Concentrating on specific crimes (e.g., crimes, involving fire-arms, organized crime, smuggling in goods, drugs or illegal immigrants, white collar crime, gender violence, domestic violence, crimes, committed by young delinquents etc.) lets us focus on applying specific methods, which is more effective than applying general methods to highly specific problems. Furthermore, general methods are often inapplicable in this regard as preventing and combating particular crimes my require amending existing legislation (e.g., immigration rules or rules related to banking and conducting financial operations) or improving institutional infrastructure of implementing these rules.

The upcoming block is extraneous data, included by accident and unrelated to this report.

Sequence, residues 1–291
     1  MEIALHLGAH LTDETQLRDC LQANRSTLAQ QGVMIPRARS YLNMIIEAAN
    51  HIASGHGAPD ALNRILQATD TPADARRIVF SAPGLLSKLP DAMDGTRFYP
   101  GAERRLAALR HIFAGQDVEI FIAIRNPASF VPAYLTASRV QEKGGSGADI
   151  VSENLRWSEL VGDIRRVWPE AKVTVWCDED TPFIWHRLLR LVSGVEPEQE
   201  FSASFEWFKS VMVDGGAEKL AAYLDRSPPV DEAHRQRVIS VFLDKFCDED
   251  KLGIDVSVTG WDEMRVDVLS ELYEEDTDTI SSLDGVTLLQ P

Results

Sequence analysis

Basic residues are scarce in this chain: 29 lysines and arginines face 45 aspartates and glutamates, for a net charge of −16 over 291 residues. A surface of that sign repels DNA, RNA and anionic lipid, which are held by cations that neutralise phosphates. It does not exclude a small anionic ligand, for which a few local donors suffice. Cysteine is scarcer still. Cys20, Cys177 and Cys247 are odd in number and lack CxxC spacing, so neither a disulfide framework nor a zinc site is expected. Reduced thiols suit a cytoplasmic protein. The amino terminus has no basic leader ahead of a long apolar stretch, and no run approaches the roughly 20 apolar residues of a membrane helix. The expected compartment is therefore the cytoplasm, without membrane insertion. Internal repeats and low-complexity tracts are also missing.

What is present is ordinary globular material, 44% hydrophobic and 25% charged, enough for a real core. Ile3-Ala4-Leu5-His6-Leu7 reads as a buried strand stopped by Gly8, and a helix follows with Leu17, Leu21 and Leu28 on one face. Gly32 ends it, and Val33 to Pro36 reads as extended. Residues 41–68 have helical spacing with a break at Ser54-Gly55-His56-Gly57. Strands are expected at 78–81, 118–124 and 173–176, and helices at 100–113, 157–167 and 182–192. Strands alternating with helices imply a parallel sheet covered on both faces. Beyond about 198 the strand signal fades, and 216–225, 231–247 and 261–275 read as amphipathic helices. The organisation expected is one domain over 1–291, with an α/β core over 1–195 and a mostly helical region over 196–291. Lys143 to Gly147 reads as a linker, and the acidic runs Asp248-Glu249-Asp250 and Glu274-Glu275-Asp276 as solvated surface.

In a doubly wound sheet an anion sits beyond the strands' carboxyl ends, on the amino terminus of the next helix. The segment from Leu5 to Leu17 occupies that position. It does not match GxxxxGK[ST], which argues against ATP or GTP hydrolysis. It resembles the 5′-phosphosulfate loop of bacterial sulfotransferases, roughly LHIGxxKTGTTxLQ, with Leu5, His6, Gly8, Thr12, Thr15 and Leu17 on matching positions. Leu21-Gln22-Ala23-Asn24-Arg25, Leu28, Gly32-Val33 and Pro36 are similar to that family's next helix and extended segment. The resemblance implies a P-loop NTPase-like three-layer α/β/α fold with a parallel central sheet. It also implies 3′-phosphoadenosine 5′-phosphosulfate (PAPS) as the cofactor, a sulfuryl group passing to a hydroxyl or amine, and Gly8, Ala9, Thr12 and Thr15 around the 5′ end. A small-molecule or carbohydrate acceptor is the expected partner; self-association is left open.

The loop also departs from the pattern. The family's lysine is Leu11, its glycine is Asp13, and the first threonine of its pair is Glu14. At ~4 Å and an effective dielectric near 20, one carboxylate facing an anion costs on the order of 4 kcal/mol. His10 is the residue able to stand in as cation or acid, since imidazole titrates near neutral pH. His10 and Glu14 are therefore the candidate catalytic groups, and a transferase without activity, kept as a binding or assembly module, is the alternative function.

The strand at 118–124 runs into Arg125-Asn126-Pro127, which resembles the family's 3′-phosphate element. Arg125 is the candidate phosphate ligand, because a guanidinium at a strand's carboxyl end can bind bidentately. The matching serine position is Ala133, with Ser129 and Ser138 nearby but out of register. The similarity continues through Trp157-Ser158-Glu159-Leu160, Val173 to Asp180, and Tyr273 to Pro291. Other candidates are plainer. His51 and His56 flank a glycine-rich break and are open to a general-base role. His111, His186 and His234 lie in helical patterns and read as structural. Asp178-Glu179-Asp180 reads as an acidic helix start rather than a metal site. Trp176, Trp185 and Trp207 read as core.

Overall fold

Since early developments of mankind, crimes have been studied in terms of different sciences. Different approaches to understanding the essence and causation of crimes were worked out in terms of biology, psychology and sociology. Difference in theoretical approaches to criminality resulted in working out diverse methods of preventing and combating crimes. Despite wide availability and applicability of methods of preventing and combating crimes, which stem directly from crimes’ causation theories, modern strategies on crimes’ prevention an combating concentrate on employing more specific methods to specific types of crimes.